Mission Turn 7: We make a 90 degree turn to the left and line ourselves for an approach to Beaumont which is only one square away from us. A check and Peter is still flying with us but, of course, damaged. A forced landing this far from the trench line would almost guarantee capture if not death. With Peter and Harry providing cover, I line up my plane for a photographic run over Beaumont. An event check indicates we are alone in the air but there are possible ground targets. Let’s see...looks like German infantry on the march. Since I am being escorted, Peter and Harry will not cost us any Victory Points for ignoring the infantry. That is good! My observer takes the first photograph. We roll “average quality”. I pause to consider my position. It should take 14 total turns to return to Thiepval and I have up to 16 turns for mission completion. Yet, do I gamble and linger over Beaumont for one or two more photograph runs? Each will force an event check as well as a check to determine the status of Peter’s damaged fighter. OK - I take the conservative choice and roll my fist to indicate time to head home. I’ll accept the average quality photo over risking losing Peter or encountering more fighters. Let’s get out of here!
Making the photographic run over Beaumont.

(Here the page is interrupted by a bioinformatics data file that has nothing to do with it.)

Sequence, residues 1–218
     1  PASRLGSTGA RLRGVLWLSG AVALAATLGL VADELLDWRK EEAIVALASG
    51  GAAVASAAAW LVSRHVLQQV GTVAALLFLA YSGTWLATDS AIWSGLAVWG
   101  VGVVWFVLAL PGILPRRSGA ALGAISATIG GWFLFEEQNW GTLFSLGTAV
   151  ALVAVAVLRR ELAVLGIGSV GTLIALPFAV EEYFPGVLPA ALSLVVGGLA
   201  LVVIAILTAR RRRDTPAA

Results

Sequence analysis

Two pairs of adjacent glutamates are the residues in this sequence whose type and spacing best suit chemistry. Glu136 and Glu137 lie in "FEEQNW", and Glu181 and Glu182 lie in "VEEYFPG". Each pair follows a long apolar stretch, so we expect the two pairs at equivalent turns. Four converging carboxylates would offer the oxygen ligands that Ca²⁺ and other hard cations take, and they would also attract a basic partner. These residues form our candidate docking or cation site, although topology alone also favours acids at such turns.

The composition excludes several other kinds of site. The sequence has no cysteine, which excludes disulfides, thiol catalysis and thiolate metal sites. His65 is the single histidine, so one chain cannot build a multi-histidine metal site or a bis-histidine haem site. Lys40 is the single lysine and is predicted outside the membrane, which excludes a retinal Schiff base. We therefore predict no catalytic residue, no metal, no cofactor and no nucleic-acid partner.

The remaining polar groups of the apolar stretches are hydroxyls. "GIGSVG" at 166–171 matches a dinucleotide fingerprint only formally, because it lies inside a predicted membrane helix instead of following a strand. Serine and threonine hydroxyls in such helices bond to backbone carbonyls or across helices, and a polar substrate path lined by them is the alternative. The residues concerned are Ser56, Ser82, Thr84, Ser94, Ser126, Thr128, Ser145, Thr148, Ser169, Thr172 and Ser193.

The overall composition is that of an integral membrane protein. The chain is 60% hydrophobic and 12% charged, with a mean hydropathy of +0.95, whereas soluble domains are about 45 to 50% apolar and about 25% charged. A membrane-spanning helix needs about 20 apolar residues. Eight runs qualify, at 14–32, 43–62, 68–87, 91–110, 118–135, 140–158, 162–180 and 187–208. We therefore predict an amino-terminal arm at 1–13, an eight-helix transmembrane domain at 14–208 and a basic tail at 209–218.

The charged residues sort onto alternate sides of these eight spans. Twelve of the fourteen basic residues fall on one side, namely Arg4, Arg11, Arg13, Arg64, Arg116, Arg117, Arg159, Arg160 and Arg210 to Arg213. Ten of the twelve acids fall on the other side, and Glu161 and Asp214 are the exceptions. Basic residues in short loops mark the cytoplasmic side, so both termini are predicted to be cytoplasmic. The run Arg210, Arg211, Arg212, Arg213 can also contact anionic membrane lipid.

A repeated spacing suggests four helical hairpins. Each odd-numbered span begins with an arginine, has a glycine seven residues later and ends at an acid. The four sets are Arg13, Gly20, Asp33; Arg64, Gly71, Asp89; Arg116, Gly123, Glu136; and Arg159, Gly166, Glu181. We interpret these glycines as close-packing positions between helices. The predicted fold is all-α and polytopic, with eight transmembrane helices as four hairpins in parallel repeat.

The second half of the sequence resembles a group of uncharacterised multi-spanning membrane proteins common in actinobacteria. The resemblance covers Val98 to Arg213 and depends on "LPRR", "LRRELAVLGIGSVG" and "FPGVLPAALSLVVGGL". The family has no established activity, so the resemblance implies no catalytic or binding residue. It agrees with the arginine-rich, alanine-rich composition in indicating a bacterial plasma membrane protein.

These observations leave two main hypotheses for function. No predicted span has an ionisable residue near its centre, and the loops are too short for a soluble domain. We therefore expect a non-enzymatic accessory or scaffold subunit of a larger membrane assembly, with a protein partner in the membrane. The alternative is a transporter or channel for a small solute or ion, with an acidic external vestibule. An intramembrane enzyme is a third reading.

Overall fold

Mission Turn 8: We aim for the trench line and check notes. Peter can still keep his plane in the air. Of all the rotten, dice driven calamities one could encounter -- how did we miss those planes diving on us? Looks like...1, 2...no...3 Albatross DIII German fighters. This mission started as such a milk run and has turned into a true aerial nightmare. Intelligence later reports the fighters are flown by Erich, Lothar, and Ulrich. Erich lines up Peter and his damaged SE5A yet we have the initiative this time. Peter fires a machine gun burst and bullets strike Erich’s Albatross! Finally, we put lead onto the target! A second burst misses. Erich is not deterred and does not roll a “break off” event. He turns and fires a single burst. A hit! Peter has sustained his second damage point and begins to smoke. Peter’s plane spirals downward and crashes. (We learned weeks later, Peter survived and even shared a schnapps with Erich before heading to a prison facility.) Harry, holding the initiative, throws two machine gun bursts at Lothar. Both miss! (We certainly need to improve our marksmanship!) Lothar returns with a single burst that misses its target. The pilots opt to continue and reconfigure the initiative rating for combat which grants Lothar a significant advantage due to a great die roll. A die roll may be a device of luck but stranger things can happen in combat to give one the advantage over an opponent. Lothar hurls three separate machine gun bursts and misses with the first two but hits Harry with the third. Harry gets a needed die roll and breaks off the engagement. No need to eat gruel with Peter in a prison. Well...that leaves one German fighter...and me! Ulrich secures the initiative and comes in behind me. He fires three solid bursts and strikes me with the second. Curses Red Baron!!!! -- Sorry...wrong game. My rear gunner returns fire with a single burst. A miss! I need a ‘break off’ roll of the die! No!!! Bad roll...time to throw that die into the microwave oven. Ulrich dives again and gets off four machine gun bursts -- all miss!!! I think someone needs marksmanship practice -- he could hit me only once with a total of seven bursts! I might get home with these photographs after all. I finally get my “break off” and turn for home with Harry limping out there too.